After review of all relevant factors and information presented, a decision above the guidelines appears warranted because your offense involved the following aggravating factors, over and above those facts supporting the Greatest I classification: You had a major role in an ongoing heroin distribution ring which was responsible for selling kilograms of heroin on a regular basis. This drug distribution ring utilized more than twelve co-conspirators and existed for a considerable length of time (January, 1968 to 1972). (emphasis supplied).
With the exception of the underscored language, this rationale is substantially identical to that contained in the March 1980 Notice of Action. The addition of the underscored language does not, hoever, remedy the constitutional defects in the Commission's parole determination.
The Commission engages in impermissible double counting when it uses the same criteria to determine both the guideline period and whether to extend a prisoner's parole date beyond the guideline period. Hearn v. Nelson, 496 F. Supp. 1111, 1115 (D.Conn. 1980); Brach v. Nelson, 472 F. Supp. 569 (D.Conn.1979); Lupo v. Norton, supra. Stated differently, "[t]o justify a decision outside the guidelines, the reasons given in the notice of action must stand apart from the factors already considered in determining the offense severity rating." Baker v. McCall, 543 F. Sup. 498, 500 (S.D.N.Y. 1981), aff'd mem., No. 82-2039 (2d Cir. June 16, 1982). To make this determination, a court must interpret the scope of the terms "managerial or proprietary interest" and "very large scale." See 28 C.F.R. § 2.20. In the March, 1980 Notice of Action, the Commission used the number of Alessi's codefendants and the length of the conspiracy to justify a decision above the guidelines. These factors must stand apart from the "very large scale" of Alessi's offense. They do not. As the guidelines have been promulgated, the words "very large scale" are not limited. Thus, an intention to define the "scale" of an offense only in terms of the amount of opiates involved, for example, is not apparent. Indeed, the wording of the guidelines suggests just the opposite, since the "very large scale" language is immediately followed by the nonlimiting "e.g.," rather than the limiting "i.e." Therefore, the number of coconspirators, or the temporal quality of the prisoner's activities, are factors going to the "scale" of the offense.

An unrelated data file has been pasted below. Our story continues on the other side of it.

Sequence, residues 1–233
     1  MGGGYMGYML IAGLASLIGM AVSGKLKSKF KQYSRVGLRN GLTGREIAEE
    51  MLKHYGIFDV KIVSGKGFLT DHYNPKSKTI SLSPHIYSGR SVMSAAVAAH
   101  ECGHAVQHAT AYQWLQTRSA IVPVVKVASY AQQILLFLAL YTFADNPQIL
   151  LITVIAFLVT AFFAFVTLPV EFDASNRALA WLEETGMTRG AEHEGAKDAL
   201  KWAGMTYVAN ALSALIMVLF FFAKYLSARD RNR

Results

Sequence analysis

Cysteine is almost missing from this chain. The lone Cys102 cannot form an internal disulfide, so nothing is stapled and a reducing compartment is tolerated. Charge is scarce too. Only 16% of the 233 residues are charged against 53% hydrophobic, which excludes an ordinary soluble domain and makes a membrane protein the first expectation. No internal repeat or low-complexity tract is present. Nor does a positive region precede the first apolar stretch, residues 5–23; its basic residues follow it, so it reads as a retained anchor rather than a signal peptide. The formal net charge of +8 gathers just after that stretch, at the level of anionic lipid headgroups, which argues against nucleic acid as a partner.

The new Notice of Action issued in response to this court's July opinion again constitutes double counting. The Commission considered Alessi's "Managerial role" in the heroin distribution network in assigning his guideline period, and then cited his "major role in an ongoing heroin distribution ring" as an "aggravating factor" over and above those used to support the Greatest I classification. Similarly, the Greatest I classification involves consideration of the amount of heroin distributed, and the Commission cited the same fact, namely, that the distribution network was responsible for selling kilograms of heroin on a regular basis, as another aggravating factor.
The proper remedy in a case of noncompliance with the court's order is to grant the writ of habeas corpus and order the prisoner discharged from custody. Billiteri v. United States Bd. of Parole, 541 F.2d 938, 944, 946, 947 (2d Cir. 1976); Hearn v. Nelson, supra, 496 F. Supp. at 1117. Therefore, the defendant United States Parole Commission is directed to release the plaintiff Virgil Alessi forthwith ...